Recently, an acquaintance encountered a church member in the Washington, D.C. area handing out material advocating the need to end “straw purchases” of firearms – the term that describes when someone who is not prohibited buys a firearm on behalf of someone who is. He struck up a conversation with the person, who went on about the need to stop this practice. The church member turned activist was flabbergasted to learn that the National Shooting Sports Foundation (NSSF) agrees with the need to stop straw purchases and has a more than decade-old program devoted to helping prevent such sales. You can’t blame this well intentioned person for being misinformed.
Here’s one example why. Last week, Michael Bloomberg re-launched his ongoing anti-gun effort, this time calling it Everytown for Gun Safety. The group claims to support a platform of issues for which the firearms industry has consistently been an advocate including reducing illegal gun trafficking and educating parents about the safe storage of guns. Essentially, this organization and others like it misleadingly try to claim the leadership mantle for issues that the firearms industry well understands and to which it has long devoted substantial resources. The anti-gun groups, Bloomberg’s being led by a former corporate public relations executive, know how to appeal to a largely gun-illiterate news media.
The former New York City mayor’s intent is to demonize guns, the firearms industry and gun owners in pursuit of a broad gun-control agenda. Other groups also use communications tactics to this end. On the other hand, our intent is to conduct genuinely effective programs that prevent guns from getting into the hands of those who should not have them. We find that the news media often ignore or downplay our programs. Why? Our programs run contrary to the narrative they choose to accept with little question.
Let’s start with straw purchasing. In 2000, NSSF launched “Don’t Lie for the Other Guy”, a program we developed in cooperation with the Bureau of Alcohol, Tobacco, Firearms and Explosives (ATF). The program works to reduce straw purchases by educating people about the illegality of this act and the stiff penalties involved while helping firearm retailers detect and deter potential straw purchasers. We recently brought this public awareness program to Chicago, Detroit and Flint.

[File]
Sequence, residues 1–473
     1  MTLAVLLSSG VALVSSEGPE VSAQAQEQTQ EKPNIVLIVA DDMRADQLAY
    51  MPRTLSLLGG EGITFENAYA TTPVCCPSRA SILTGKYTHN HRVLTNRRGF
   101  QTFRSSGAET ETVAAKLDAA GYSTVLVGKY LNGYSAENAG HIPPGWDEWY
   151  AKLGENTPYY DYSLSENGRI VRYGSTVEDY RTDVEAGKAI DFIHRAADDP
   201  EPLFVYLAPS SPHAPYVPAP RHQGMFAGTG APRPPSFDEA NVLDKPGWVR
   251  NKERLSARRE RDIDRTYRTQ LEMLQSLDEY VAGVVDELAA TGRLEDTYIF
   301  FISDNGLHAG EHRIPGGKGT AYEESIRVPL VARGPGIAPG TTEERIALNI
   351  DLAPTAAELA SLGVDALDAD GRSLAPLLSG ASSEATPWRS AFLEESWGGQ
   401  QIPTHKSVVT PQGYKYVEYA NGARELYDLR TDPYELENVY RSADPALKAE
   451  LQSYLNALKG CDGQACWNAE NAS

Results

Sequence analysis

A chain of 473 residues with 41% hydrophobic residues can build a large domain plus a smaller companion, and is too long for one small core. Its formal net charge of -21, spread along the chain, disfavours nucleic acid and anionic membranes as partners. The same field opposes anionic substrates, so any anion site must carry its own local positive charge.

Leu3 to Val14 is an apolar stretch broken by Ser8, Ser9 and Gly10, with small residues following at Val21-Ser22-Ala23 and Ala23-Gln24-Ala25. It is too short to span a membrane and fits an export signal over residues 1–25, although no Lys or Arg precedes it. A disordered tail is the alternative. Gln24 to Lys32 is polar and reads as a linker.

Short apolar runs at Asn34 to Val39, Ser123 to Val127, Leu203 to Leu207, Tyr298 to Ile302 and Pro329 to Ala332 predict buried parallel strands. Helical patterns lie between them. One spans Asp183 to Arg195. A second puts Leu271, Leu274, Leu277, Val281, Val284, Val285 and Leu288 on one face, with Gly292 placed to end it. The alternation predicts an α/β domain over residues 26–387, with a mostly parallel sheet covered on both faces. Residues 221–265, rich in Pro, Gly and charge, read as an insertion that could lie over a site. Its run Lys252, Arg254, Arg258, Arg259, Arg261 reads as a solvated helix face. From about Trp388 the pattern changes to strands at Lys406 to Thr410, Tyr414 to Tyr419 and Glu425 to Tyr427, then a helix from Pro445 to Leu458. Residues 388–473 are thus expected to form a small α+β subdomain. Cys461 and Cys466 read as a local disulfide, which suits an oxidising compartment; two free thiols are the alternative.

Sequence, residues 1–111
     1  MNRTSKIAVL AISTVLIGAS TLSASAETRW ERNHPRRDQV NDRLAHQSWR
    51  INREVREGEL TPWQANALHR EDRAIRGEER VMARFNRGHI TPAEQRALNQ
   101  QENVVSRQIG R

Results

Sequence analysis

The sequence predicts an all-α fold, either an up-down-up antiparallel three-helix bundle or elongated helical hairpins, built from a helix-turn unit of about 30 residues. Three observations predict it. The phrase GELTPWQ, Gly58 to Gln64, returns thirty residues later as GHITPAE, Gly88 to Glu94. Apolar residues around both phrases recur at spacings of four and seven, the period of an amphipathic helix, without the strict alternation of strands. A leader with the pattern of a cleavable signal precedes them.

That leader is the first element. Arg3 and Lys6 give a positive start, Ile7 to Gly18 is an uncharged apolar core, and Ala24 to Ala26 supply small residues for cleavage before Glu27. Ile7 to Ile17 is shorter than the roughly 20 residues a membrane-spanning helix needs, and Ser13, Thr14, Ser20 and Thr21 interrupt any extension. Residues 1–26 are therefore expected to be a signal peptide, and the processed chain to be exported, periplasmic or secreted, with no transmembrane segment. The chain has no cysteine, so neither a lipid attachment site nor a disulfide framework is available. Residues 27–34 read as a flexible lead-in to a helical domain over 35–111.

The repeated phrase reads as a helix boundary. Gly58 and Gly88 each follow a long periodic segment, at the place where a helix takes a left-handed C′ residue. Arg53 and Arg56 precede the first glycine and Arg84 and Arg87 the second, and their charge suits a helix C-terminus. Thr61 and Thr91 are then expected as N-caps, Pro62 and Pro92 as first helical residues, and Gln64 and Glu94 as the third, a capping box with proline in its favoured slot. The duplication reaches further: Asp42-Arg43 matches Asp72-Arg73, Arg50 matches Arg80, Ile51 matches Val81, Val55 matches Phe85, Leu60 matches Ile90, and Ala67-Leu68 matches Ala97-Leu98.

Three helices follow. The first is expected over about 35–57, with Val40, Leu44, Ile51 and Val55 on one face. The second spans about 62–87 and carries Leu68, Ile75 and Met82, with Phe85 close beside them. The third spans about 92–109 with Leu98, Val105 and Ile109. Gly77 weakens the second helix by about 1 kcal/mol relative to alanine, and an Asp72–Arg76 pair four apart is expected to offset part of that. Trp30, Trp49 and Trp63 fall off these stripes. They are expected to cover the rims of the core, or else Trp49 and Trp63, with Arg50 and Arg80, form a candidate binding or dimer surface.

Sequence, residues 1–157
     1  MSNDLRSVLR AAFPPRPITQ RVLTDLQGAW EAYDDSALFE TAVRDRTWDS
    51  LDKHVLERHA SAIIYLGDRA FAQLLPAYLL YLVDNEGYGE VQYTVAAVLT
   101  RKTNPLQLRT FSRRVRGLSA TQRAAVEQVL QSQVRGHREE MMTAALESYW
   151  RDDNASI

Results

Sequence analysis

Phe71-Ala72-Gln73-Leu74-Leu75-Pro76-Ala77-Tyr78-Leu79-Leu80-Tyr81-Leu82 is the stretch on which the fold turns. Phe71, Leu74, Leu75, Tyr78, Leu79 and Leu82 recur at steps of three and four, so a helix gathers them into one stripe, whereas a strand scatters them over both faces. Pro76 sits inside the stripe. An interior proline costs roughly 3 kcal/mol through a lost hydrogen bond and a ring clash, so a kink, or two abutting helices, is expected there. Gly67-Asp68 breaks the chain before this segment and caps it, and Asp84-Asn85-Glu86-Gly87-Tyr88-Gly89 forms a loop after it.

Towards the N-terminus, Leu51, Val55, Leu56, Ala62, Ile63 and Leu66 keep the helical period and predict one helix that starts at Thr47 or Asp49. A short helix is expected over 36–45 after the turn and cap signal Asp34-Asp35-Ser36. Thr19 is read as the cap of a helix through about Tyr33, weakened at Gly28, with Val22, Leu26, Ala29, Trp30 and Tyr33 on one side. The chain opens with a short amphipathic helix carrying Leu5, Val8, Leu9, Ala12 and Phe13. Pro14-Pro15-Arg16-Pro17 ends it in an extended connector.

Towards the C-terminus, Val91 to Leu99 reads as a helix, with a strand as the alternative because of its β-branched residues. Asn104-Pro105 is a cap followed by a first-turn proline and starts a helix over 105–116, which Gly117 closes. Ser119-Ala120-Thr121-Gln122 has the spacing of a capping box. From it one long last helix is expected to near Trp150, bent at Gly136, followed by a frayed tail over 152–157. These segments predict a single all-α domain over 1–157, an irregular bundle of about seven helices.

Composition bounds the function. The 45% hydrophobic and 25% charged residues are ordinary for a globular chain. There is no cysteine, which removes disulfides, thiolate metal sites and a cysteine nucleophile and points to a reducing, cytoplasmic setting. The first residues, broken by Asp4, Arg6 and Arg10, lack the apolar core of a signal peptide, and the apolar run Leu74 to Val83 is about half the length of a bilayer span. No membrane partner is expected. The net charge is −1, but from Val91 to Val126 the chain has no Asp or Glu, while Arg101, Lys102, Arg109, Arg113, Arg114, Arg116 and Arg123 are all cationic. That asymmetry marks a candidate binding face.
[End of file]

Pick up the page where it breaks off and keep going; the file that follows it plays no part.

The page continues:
NSSF’s safety and advocacy efforts do not stop there. The paid anti-gun staffers know, but will not publicly recognize, that NSSF and the industry have been making progress on the safe storage of firearms for more than a decade.
In 2003, NSSF launched Project ChildSafe to educate gun owners about how to safely handle and store firearms. The project distributes educational materials as well as Safety Kits, which includes a cable-style gun-locking device. Project Child Safe has an effective partnership with local law enforcement in all 50 states as well as five territories and has distributed over 36 million Safety Kits. Meanwhile, 70 million gun locks have been included with new firearms sold in the last 15 years.
Finally, on its website, Everytown for Gun Safety claims that “the single most important thing we can do to reduce gun violence is to require a criminal background check for every gun sale.” What they gloss over is that the vast majority of firearms transfers already receive background checks. The system needs fixing, not expansion. NSSF has been making progress through our FixNICS initiative to help correct large information gaps in the National Instant Criminal Background Check System (NICS) to prevent firearm sales to prohibited individuals. We can claim success in several states where legislatures have passed legislation to help ensure the consistent reporting of all appropriate records to the NICS database.
Because the news media more often than not takes its cues from the anti-gun activists and their political allies, we generally have to fight for coverage of what we are doing as good corporate citizens through the programs I’ve described. They attempt to sound reasonable by co-opting phrases such as “gun safety.” Their underlying agenda remains clear, however, and no amount of reorganization, re-branding or portraying the firearms industry as the enemy will hide it.